If you go out on a clear, moonless autumn night and look up to the constellation Andromeda, your eyes may catch a glimpse of a faint, diffuse smudge of light. In appearance it cannot compete with some of the more spectacular sights of the sky, such as the surface of the moon or the rings of Saturn, and even a telescope will not reveal much detail: you can make out the outline of an elliptical structure with a central condensed core, but that is about all. Yet before you dismiss this object as insignificant, stop and think: you are looking at the Great Nebula in Andromeda, a sister galaxy to our own Milky Way which, at a distance of 2,000,000 light-years, is the farthest object the unaided human eye can see. To all purpose and extent, you are looking at infinity.1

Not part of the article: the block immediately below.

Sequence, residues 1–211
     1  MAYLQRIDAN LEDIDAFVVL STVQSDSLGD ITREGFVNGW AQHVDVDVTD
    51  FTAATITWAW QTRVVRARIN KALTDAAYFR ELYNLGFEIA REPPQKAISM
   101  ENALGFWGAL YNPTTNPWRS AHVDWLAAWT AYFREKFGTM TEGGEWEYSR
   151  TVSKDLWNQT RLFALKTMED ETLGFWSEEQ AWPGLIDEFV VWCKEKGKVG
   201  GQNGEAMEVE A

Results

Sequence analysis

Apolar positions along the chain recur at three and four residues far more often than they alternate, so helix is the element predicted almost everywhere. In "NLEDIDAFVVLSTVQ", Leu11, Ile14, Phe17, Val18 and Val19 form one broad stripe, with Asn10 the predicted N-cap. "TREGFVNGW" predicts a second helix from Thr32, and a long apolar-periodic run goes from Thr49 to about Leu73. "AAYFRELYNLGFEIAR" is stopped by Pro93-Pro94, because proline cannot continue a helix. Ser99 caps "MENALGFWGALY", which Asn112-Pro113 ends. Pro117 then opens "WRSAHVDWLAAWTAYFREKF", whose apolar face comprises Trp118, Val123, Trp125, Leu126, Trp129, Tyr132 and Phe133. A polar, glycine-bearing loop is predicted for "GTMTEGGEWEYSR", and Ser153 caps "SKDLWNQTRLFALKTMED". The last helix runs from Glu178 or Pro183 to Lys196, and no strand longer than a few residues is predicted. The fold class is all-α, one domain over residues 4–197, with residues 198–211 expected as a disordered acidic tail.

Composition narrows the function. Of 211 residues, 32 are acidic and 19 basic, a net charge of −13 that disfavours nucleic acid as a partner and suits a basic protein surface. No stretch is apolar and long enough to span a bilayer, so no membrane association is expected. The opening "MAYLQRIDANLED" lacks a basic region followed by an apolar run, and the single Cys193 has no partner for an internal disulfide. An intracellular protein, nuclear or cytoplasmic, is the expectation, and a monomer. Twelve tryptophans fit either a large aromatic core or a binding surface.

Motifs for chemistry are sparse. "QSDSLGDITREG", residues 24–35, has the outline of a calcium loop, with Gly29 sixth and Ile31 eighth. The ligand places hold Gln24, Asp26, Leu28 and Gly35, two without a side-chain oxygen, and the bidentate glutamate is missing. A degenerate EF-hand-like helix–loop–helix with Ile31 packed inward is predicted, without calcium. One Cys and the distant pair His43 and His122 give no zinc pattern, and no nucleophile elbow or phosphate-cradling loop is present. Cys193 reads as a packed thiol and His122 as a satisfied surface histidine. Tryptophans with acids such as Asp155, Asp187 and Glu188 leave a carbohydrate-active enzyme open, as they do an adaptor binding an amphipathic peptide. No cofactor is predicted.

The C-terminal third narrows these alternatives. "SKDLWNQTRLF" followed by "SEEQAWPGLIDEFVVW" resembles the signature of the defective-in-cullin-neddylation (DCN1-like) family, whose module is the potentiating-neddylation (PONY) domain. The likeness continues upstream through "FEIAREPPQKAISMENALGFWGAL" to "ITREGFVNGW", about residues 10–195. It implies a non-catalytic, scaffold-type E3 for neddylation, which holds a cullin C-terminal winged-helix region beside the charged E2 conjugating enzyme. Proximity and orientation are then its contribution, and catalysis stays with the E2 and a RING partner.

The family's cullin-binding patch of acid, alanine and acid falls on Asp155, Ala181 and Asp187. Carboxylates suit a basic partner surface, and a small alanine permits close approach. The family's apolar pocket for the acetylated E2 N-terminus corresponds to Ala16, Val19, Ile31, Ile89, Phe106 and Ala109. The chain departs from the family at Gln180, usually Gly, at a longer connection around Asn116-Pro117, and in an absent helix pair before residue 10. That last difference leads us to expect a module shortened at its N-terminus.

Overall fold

KeywordsSugar Microwave Smoke Conglomerate Photography
Unable to display preview. Download preview PDF.